In a study from the Salk Institute for Biological Studies, scientists found that time-restricted eating could help people lose body weight and lower blood pressure.
Intermittent fasting has shown success in helping people lose weight.
However, many people can find it difficult to eat normally on most days and then severely restrict their food intake other days.
In the study, the team examined 19 people for three months. At the time of enrollment, all participants met three or more criteria for metabolic syndrome:
A waist circumference of 102 cm (men) or 88 cm (women);
Triglycerides of 150 mg/dL or higher (or on drug treatment for elevated triglycerides);
Reduced HDL-C below 40 mg/dL (men), 50 mg/dL (women) (or on drug treatment for reduced HDL-C);
Increased blood pressure, systolic blood pressure of 130 or higher and/or diastolic blood pressure of 85 mmHg or higher (or treatment with an antihypertensive drug with a history of hypertension); and
Increased fasting glucose of 100 mg/dL or higher (or drug treatment of elevated blood glucose).
Time-restricted eating allows people to eat the same every day, but they limit the time during which they can have food to a 10-hour window. For the next 14 hours, they fast.
Participants logged the timing of their meals and their sleep in the myCircadianClock app. They were encouraged to stay hydrated during their fasting periods.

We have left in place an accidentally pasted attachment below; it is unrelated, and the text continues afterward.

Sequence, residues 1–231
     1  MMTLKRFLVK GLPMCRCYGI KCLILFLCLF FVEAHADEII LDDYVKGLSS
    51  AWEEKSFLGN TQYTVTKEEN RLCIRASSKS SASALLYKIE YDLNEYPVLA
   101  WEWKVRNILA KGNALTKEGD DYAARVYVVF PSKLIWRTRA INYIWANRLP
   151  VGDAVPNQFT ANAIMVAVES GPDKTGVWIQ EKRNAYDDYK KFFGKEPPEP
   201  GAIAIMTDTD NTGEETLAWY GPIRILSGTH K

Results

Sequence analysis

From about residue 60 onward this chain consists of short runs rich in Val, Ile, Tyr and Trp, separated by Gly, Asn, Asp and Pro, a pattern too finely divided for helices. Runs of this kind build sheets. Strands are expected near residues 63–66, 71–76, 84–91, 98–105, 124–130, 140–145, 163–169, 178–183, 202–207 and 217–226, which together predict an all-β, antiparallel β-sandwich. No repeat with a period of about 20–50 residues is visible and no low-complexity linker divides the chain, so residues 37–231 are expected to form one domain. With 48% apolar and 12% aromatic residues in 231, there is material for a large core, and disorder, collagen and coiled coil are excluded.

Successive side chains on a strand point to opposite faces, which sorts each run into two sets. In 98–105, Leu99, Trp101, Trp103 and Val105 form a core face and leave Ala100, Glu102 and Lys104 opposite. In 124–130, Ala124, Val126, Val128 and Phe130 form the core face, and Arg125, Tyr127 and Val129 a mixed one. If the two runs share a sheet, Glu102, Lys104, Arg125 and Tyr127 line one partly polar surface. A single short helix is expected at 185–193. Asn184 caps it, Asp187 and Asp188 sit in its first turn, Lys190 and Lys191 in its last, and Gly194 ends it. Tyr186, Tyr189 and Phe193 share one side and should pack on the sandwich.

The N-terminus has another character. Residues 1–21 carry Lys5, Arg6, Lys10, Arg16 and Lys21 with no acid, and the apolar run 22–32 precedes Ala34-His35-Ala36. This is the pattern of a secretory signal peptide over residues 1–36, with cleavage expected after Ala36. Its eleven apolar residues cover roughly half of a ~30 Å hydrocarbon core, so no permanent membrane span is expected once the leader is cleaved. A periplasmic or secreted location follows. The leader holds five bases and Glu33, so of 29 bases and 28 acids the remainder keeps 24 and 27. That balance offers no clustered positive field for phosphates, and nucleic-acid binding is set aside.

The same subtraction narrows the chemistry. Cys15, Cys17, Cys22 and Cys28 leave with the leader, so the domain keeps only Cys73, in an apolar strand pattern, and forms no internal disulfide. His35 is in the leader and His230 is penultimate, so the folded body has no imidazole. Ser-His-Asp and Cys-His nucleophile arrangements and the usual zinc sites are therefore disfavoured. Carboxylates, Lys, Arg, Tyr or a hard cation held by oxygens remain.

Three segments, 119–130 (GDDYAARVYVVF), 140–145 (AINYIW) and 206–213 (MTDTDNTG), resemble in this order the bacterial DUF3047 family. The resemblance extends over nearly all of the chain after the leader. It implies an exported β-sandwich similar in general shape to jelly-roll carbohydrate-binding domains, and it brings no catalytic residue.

The researchers didn’t ask them to change what they eat. Nonetheless, study participants consumed nearly 9% fewer calories.
The team found that in addition to weight loss—a 3% reduction in weight and a 4% reduction in abdominal visceral fat—participants’ cholesterol levels and blood pressure improved.
They explain that when people go into a fasting state, they start to deplete the glucose stores in the body, and they start to use fat as the energy source.
For more information about blood pressure, please see recent studies about a safe and more efficient way to treat high blood pressure, and results showing high blood pressure may lower dementia risk for some old adults.
The study was published in the journal Cell Metabolism and conducted by Satchidananda Panda et al.
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